What is evident, however, is that the Mesopotamian region itself was fairly racially diverse, and there existed a sizeable Semitic element within Sumerian society which was largely excluded from the scribal tradition. It is certainly possible that the language that the Sumerians wrote in was distinct from that which was spoken. For example, many Sumerian kings/aristocrats actually had Semitic names and titles. To make things even more ambiguous, some skulls found at burial sites seem to be of a Mediterranean racial origin, fuck if I know what's up with that.
In all honesty, I don't think that we'll ever have a clear answer as to who the Sumerians actually were. We know them to be racially distinct from very early archaeological evidence, but due to the degree of race-mixing in the region it's hard to keep track of. The fact that they also seem to be a linguistic ground-zero doesn't help at all. If you want a really dense read on the topic, try >http://www.dli.gov.in/data15/Kerala_Sahitya_Academi/English/1822/826_W_O.pdf maybe.
That said, I'm not an archaeologist, so maybe some other anon would know better.
>>602912 If you're interested, you should definitely check out "Ancient Mesopotamia: Portrait of a Dead Civilization" by Leo Oppenheim. It's a little dated, but it is still by far the most comprehensive and ambitious survey of the region ever written. You can really tell the author is passionate about his work, which makes the reading much more enjoyable.
It's available free here: https://oi.uchicago.edu/sites/oi.uchicago.edu/files/uploads/shared/docs/ancient_mesopotamia.pdf but if you prefer physical books I got a hardcover ex-library edition off Amazon for like five bucks.
>>602961 It depends. From what I've heard, Homeric Greek might as well be a different language, but Attic/Koine Greek can transition into Modern fairly easily. I don't personally have any experience with the languages, but that's what my classics major buddy told me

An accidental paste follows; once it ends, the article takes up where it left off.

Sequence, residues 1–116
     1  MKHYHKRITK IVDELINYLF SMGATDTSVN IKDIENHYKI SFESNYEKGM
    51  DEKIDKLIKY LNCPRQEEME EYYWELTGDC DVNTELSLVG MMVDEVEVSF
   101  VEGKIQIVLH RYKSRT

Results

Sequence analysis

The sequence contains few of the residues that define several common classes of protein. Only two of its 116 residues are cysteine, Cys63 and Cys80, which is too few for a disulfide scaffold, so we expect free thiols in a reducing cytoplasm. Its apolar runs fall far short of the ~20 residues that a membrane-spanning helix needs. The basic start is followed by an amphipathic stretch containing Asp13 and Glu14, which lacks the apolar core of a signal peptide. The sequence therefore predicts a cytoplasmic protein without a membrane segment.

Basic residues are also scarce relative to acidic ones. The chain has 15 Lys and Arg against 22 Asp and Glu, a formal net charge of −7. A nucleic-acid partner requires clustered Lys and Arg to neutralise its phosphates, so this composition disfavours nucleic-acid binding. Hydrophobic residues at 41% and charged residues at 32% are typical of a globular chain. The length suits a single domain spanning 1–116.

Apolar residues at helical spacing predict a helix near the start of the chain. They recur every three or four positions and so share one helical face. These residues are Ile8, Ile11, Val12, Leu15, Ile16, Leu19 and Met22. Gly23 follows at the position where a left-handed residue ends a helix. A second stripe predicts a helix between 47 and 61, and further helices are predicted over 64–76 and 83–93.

>>601321 I studied Latin for about 3 years in HS. Never actually studied, basically didn't know shit but the teacher liked me and I always got through with an A or a B despite all my tests being in the E-F range.
It was a small class, we sat in 1 row around the teacher. Once I fell literally asleep in front of him, at which point he asked everyone to keep their voices down because I might be dreaming.
All you really need to know is that most of the speakers are dispersed and the language is dying because their is no reason for Christians to remain together in Iraq/Syria where the language could thrive.
>>603055 It reveals how they thought about certain things and concepts. Due to the very limited vocabulary stock of the language, representing more abstract or complex things would be done by combining various elements, Kirby 64 style.
For example, the word for "spouse" is a compound form of "to give birth" and "human", roughly meaning "other person who assists in the creation of more people". Another fun one is that the word for "exorcist" is just the sign for "profit" repeated twice. I could go on: >Nomad: "born from/in a wagon" >Unreliable person: "wind-man" >To pay respects: "to fasten the hand to the nose" >Sacred place: "hiding spot"
>>601321 ancient greek and latin . Wasnt too hard since I greek is my native language . But fuck you have to really get into it in order to reach a decent level. I remember i felt I was high after 4-5 hours of studying.
>>606313 I guess that's just how shit goes, the supposed ancestors of Syriac speakers are the Assyrians and if that's true then it is quite a contrast from the peaceful and victimised are today. We have some of the cleanest DNA in the Middle East, not weird admixture from Africa, Europe or East Asia, which of anything, proves how still and non-invasive we were. Now none of that matters and I'm thinking that my future kids will probably be half Euro similar to how Sephardic Jews are.
>>601460 It's only hard when you keep comparing it. Try to look at it from Inside the language and it'll suddenly make sense and reveal a beautiful, liquid language. The signs are also something that can be mastered. They are sorted by Relation. One sign can mean mouth, but it also means tooth, tongue, language and word. Another is thing but also food. Combine the signs for food and mouth and you have "to eat". Of course, the language is different, but not every language works according to indo European rules, and that's why I study Sumerian. Not an Assyriologist though